Caldwell: That's awesome, Joe.
ECRM: So now we have the Coronavirus hit, people can't travel, you can't go to these trade shows. So how did you find out about the ESIs, and what were your thoughts around it when you first heard of them?
Caldwell: I got to tell you, it was Expo, right? We literally shipped our whole booth down there. We had just the day before and the afternoon before they canceled it, the final announcement, shipped all of our frozen samples, close to 2,000 pieces that we actually quartered, so we had about 8,000 samples, and had just shipped those, they had just left, and then the very next morning it was canceled. So we were like, "Okay." So of course I started just posting on social media, even more than I do, did some videos in the kitchen, and really started reaching out that way because with the stores that we had, and then also reached out to the stores that we had set up appointments with through the Expo portal. So I'm like, "Gosh, other than that, we can continue to service our stores, but where do we go from here?"
Well, it was a lady named Heather, who reached out to me, and she said, "Hey, because of the cancellation of the show, we're hosting these Efficient Supplier Introductions (ESIs) through ECRM and RangeMe, and we're Premium on RangeMe." And I said, "Well, what does that look like?" And she said, And then she said, "Because you're a Premium on RangeMe, we offer a discount." And I said, "Well, okay." So we went through that, and we started weighing the cost of the show and how many buyers that we could actually get one-on-one with from a virtual standpoint. And I started thinking about it. I'm like, "Wow. This really could have some traction." So I met with my team at the office, and we all round-tabled it and said, "You know what? Let's do this. Let's try this one on a retail basis and see where we go from here."
So I did just exactly like you see here and set up my kitchen, and I did this presentation. I did it for other virtual on LinkedIn and other platforms, but when I got onto the ECRM, all of a sudden the list started to grow. There was only a few, and it was literally a couple of weeks before, and she's like, "It's going to happen like the week after next." And I go, "How many buyers?" "Well, I don't have a lot right now." And I'm like, "Well, okay, I get it, but let's talk in a week." Then she started saying, "Listen, there's only five. We're only going to have five producers."
And there became, I think, it was either 10 or 12 buyers. And there was some box stores in there, there was some convenience stores in there, and then of course some retailers, and I'm like, "God. Club, C-store, retailer. I can go to NACS in Atlanta, I could pay that fee." I was going to do the NRA in Chicago for foodservice. We were doing the Expo for retail. And I'm like, "I can get all three of these segments in one presentation." I'm like, "Okay, I'm in." It turns out that we've got, we have some ongoing communication with some buyers from the first one, and then when the foodservice hit a couple of weeks ago, I'm like, "You know what? We didn't do NRA. We're all in. Let's do this."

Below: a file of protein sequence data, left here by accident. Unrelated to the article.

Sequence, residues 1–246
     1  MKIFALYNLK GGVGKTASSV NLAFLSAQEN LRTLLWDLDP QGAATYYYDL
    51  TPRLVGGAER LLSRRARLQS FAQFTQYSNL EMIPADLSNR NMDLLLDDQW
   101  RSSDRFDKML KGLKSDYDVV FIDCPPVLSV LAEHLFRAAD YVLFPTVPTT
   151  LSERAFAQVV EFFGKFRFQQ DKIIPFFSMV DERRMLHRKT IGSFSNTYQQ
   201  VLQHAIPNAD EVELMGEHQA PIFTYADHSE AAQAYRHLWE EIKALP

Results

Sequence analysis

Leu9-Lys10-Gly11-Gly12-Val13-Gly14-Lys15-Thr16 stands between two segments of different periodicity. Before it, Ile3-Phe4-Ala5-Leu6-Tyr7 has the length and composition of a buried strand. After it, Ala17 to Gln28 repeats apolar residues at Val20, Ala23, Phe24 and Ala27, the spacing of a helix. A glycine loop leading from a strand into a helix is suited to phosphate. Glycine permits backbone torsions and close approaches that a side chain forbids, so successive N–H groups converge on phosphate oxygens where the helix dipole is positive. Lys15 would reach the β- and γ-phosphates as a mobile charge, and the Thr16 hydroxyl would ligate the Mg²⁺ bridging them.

And since, Joe, I've, again, just like the first one, now we're sending samples and we're engaging, and we'll see where it goes. But we're very confident that because of the ESIs and ECRM and RangeMe, with all the communications through all of these platforms that we're going to continue through this and continue to add customers and get what we feel is one of the most innovative potatoes that's ever been developed into the hands of their customers where they can taste them just like you did.
ECRM: That's awesome, that's awesome, and I'm glad. From our end what blew me away is just how fast our guys worked. Because I was literally in Amsterdam visiting with our Utrecht office because we have European sessions, and while I was there, I was there with our SVP of marketing, who the day after we landed, had to come back because we made the decision, "Hey, we're going to launch something virtual." Everybody got together, and within a week they had the plan in place, put it together, and just flipped the switch so that by April 1st, we started doing them. And we literally had a thousand buyers sign up across all of them in two weeks.
And since then we've also launched, which starts this month, virtual sessions, which are going to be more like our in-person session experience with one-on-one interactions, because the ESIs are so you'll have up to 20 buyers, and then up to 10 suppliers, each one presenting, but it's a one-to-many, but now we're going to do the one-on-ones, and it's a custom platform that we're using. So it's just been really interesting to see how fast we were able to develop it, but really there's no other place to go for this thing.